Oh, I almost forgot about the GNOME 3 Release Party that we had the other week. In fact, I had two times the pleasure of showing off GNOME 3 to the people. The first and official Release Party was held in the Attraktor. We even got mentioned by Heise. The second time was in my university during a self organised seminar.
On both occasions, I had to entertain a good bunch of people (around 15 and 30) and, well, it went at least alrightish, I’d say 😉 The second time was a bit confusing, because my Laptop didn’t want to as perform well as I expected so a good bit of improvisation was needed. But it was great fun overall. The goodies, that were provided by the GNOME Foundation, were well received, esp. the T-Shirts.
I showed off the really brilliantly done videos that Jason produced. We demoed and discussed those features and discovered even more stuff on the way. I haven’t really worked much with GNOME3, esp. GNOME Shell before and it’s kinda awkward in the beginning, but I got used to it very quickly. I really like much of it now.
Thanks to the Attraktor for having hosted us. And thanks to the attendees for the nice discussions. I’m looking forward to do some more GNOME3 presentations at coming LinuxTag and other occasions.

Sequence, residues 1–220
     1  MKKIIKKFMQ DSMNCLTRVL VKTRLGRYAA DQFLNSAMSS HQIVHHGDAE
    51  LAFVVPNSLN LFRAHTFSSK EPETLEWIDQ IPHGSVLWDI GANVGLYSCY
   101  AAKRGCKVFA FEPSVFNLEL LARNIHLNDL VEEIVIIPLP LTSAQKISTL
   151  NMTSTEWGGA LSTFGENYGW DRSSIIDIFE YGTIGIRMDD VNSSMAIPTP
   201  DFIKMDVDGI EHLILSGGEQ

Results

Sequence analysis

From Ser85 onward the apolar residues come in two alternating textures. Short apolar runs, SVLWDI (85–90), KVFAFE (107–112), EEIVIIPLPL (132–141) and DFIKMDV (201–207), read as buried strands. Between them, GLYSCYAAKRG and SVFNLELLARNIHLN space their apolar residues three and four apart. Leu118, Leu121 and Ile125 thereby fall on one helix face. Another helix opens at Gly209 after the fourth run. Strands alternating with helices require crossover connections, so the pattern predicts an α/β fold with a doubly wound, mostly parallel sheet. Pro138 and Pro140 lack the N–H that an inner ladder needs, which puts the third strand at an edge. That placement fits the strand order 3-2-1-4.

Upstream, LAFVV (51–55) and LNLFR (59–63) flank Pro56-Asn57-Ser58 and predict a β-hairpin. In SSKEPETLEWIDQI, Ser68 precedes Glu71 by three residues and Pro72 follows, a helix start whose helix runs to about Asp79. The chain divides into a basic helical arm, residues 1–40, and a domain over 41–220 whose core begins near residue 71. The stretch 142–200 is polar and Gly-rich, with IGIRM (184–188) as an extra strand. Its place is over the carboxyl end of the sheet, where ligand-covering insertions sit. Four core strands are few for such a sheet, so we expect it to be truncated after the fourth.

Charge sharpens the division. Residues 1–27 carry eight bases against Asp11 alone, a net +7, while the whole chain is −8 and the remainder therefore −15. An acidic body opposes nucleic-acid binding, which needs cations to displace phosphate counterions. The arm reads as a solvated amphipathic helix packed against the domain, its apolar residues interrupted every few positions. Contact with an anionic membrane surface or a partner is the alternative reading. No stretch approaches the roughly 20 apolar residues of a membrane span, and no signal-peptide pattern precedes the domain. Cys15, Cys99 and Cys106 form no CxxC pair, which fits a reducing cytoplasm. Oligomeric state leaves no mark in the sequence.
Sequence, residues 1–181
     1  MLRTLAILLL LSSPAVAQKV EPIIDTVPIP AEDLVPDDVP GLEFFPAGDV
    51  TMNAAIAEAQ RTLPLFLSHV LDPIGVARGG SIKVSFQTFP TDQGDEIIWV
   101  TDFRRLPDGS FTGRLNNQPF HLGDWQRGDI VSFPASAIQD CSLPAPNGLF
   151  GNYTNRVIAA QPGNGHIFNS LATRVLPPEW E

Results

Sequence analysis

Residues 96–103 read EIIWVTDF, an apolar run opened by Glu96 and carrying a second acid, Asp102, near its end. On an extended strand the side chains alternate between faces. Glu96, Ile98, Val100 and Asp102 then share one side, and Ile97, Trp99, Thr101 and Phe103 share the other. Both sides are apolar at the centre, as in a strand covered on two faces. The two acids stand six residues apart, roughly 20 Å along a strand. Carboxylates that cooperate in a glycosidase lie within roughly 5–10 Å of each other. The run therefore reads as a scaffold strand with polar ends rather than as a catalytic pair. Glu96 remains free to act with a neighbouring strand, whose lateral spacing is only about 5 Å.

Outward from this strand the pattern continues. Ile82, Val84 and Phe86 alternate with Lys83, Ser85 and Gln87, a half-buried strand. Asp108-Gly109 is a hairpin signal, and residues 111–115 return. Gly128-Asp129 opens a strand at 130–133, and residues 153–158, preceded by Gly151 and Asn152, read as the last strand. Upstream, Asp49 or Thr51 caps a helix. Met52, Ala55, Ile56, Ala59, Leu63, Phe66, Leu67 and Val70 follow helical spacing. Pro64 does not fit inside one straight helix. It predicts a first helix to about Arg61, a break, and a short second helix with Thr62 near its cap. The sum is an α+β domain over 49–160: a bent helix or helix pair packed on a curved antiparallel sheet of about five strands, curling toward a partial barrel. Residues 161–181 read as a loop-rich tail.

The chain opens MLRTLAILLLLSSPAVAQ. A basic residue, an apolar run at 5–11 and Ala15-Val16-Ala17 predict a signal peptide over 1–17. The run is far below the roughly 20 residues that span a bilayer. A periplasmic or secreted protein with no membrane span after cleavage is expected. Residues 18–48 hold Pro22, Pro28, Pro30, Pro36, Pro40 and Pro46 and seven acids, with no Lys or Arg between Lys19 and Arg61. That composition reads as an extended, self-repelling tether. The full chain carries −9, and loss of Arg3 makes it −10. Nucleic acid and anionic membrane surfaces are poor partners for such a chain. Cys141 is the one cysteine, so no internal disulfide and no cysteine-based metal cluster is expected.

I had the following problem for a long time: I wanted to embed a picture into a page and automatically have it scaled to the maximum size that possibly fits the page, but not more. Obviously, simply doing a
wouldn’t do the job, because if the image is more tall than wide, the image would grow beyond the page. One could use the information from the \textheigth register, i.e. like
I used the opportunity to introduce the audience to the basics of RFID, i.e. what technologies exist and what they are used for. Also, I took arguments from pro and anti RFID groups to have them discussed.
You can have a look at the slides altough I doubt that they make much sense without actually having heard what was to be said. We spend good two hours talking and discussing over my twenty-something slides. Thanks again to the interested audience.
Afterwards, we had a small hacking session. I brought some RFID readers, tags, a passport, etc. and we used all that to play around. We also scanned some wallets to find out whether anybody had unwanted chips in their wallet.